Friday’s grim monthly jobs report confirmed a record number of Americans out of work, but the markets took the number in stride as investors bet the worst of the pandemic and the toll it’s taken on the economy has passed. The Dow Jones Industrial Average, the Nasdaq Composite Index and the S&P 500 all posted their first weekly advance in the last three weeks. The Dow and S&P 500 rose 2.5% and 3.5% for the week, respectively, while the tech-dominated Nasdaq jumped 6%.
Still, Covid-19 cases worldwide continue to rise, with the death toll in the United States swiftly approaching 80,000. As states begin to re-open their economies, officials are hoping it’s possible to get Americans back to work while preventing a surge in new cases of the virus.
- Global cases: More than 3.9 million
- Global deaths: At least 275,188
- U.S. cases: More than 1.2 million
- U.S. deaths: At least 77,180
The data above was compiled by Johns Hopkins University.
9:45 am: FDA approves emergency use of the first diagnostic ‘antigen’ test
The U.S. Food and Drug Administration on Friday authorized the first emergency use for a Covid-19 antigen test developed by diagnostic product maker Quidel Corp. This antigen test quickly detects fragments of proteins found on or in the virus by testing samples collected from the nasal cavity using swabs, the FDA said in a statement. The Sofia 2 SARS Antigen FIA test was designed for rapid detection of the virus that causes Covid-19. —Terri Cullen
9:12 am: Amazon and sellers struggle to adapt to demand amid the outbreak
Frustrated by long delays in receiving your online orders? Amazon is, too.
The retailing behemoth has been battling coronavirus-related problems on multiple fronts since the coronavirus outbreak in the U.S. began to take hold in March. The resulting surge in online orders tested the company’s supply chain as Americans rushed to buy essential items such as toilet paper and sanitizers. Meanwhile, Amazon found itself suddenly needed to police a widespread price gouging problem and its grocery delivery services were buckling under the weight of online orders.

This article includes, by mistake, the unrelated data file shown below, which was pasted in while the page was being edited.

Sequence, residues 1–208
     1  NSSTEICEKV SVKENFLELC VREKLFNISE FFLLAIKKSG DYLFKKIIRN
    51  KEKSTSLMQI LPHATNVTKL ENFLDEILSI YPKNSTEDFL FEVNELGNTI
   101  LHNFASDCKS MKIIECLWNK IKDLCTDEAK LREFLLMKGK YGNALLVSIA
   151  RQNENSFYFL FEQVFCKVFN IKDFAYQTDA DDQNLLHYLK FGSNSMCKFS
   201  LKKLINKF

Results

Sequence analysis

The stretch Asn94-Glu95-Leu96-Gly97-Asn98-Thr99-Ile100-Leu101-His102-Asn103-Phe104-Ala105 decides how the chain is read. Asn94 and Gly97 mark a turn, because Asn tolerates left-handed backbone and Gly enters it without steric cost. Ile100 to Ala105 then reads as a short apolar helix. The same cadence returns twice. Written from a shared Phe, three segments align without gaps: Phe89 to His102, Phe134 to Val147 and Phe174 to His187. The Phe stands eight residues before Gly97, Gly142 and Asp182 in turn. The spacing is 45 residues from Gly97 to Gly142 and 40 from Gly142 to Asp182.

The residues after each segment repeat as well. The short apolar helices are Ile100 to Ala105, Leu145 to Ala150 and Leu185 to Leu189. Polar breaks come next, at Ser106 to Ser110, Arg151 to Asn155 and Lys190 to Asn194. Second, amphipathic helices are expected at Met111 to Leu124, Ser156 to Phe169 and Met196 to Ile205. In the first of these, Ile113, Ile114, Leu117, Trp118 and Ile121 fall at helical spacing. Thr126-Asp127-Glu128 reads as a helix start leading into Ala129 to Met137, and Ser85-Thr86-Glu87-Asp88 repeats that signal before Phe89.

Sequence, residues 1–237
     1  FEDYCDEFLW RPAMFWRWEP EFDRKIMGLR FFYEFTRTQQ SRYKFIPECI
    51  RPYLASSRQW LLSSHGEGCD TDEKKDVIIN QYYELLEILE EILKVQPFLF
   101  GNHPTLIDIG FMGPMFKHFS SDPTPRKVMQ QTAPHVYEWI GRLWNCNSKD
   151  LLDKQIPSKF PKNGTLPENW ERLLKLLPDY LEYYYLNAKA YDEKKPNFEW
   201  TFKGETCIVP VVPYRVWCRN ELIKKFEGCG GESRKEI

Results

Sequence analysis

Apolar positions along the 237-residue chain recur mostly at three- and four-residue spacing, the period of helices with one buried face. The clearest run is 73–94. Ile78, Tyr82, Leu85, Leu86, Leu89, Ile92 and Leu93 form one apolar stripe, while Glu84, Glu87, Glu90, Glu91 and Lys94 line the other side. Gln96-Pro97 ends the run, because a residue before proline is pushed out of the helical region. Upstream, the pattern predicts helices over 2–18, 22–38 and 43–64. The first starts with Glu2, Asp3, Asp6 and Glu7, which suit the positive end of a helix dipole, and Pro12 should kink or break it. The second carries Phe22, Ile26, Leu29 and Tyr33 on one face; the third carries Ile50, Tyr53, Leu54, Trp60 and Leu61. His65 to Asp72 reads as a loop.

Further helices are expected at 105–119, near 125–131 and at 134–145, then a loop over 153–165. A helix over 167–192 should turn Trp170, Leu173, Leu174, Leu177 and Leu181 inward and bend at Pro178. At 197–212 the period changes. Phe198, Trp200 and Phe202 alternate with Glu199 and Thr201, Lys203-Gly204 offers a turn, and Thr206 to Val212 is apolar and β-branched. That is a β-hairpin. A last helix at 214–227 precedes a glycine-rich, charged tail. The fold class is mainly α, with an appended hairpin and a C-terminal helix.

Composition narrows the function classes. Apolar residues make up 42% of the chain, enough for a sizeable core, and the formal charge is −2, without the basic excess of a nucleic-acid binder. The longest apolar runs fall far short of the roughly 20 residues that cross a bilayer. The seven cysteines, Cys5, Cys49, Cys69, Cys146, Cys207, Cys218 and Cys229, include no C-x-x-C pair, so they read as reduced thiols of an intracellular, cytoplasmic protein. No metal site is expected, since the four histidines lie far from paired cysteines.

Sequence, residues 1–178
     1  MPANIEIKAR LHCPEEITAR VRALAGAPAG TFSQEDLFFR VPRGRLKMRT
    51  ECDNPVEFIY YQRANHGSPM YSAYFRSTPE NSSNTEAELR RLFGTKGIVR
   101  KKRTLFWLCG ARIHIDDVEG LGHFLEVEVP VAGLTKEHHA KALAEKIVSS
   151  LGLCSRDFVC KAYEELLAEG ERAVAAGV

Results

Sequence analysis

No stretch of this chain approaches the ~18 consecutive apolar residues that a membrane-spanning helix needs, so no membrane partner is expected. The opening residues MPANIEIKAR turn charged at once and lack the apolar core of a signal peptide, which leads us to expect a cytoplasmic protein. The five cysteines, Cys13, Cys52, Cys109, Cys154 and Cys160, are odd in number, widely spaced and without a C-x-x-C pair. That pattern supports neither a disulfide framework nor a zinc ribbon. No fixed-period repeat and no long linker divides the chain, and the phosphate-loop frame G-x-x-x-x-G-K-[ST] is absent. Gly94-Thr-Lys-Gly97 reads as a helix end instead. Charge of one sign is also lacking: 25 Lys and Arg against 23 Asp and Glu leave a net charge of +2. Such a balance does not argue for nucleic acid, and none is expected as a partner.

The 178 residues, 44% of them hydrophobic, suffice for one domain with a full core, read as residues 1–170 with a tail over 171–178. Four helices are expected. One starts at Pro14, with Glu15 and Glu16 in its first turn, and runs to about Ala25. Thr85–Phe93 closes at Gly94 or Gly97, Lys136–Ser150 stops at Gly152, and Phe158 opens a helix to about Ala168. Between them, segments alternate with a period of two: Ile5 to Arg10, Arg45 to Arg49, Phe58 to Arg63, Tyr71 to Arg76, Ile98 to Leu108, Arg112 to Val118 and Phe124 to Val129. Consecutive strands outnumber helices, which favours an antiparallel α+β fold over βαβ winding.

Amazon said it can’t predict when things will return to normal for sellers, as many logistical challenges remain, CNBC’s Annie Palmer reports. —Terri Cullen
8:56 am: Coronavirus has taken millions of jobs, but here’s where they’re coming back
While Friday’s monthly jobs report highlighted the economic toll the coronavirus outbreak has taken on the economy, some sectors of the labor market are bouncing back and new occupations are emerging. A growing number of positions are needed for noncritical health care. For example, job openings for temperature takers and contact tracers at workplaces are needed to help institute guidelines for employees returning to work.
As CNBC’s Jeff Cox reports, there’s also is a growing demand for logistics and supply, finance, pharmaceutical and telecommunications positions. —Terri Cullen
8:45 am: Egypt’s president expands powers, citing the pandemic
Sefa Karacan | Anadolu Agency | Getty Images
Egypt’s President Abdel-Fattah el-Sissi approved amendments to the country’s state of emergency that grant him and security agencies additional powers amid the coronavirus outbreak.
The new amendments allow the president broad new powers, including the ability to suspend education and quarantine individuals returning to the country from abroad. The amendment also expands the authority to ban public and private meetings, protests, celebrations and other forms of assembly. —Associated Press
Read CNBC’s coverage from CNBC’s Asia-Pacific and Europe teams overnight here: Russia’s Victory Day celebrations pared back; Spain’s daily virus death tolls falls